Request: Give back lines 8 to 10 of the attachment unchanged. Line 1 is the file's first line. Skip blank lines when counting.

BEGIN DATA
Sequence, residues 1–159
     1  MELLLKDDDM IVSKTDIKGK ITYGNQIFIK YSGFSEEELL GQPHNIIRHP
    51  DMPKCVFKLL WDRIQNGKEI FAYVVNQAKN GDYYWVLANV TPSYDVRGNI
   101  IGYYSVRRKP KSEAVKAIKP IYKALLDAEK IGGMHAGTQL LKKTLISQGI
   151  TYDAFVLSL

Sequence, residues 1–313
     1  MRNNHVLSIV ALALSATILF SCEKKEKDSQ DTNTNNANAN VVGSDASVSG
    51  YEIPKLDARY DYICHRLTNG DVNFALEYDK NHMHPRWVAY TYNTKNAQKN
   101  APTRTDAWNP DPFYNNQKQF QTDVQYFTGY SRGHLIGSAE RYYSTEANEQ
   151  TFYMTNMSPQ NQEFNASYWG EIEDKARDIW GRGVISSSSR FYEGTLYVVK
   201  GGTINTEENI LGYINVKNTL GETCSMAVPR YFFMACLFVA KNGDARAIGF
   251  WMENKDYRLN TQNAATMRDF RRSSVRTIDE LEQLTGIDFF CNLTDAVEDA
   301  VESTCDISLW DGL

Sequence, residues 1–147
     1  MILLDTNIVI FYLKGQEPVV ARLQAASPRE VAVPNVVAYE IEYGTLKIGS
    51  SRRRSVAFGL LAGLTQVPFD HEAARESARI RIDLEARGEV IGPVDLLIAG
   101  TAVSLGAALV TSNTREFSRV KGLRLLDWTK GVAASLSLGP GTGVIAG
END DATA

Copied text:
    51  YEIPKLDARY DYICHRLTNG DVNFALEYDK NHMHPRWVAY TYNTKNAQKN
   101  APTRTDAWNP DPFYNNQKQF QTDVQYFTGY SRGHLIGSAE RYYSTEANEQ
   151  TFYMTNMSPQ NQEFNASYWG EIEDKARDIW GRGVISSSSR FYEGTLYVVK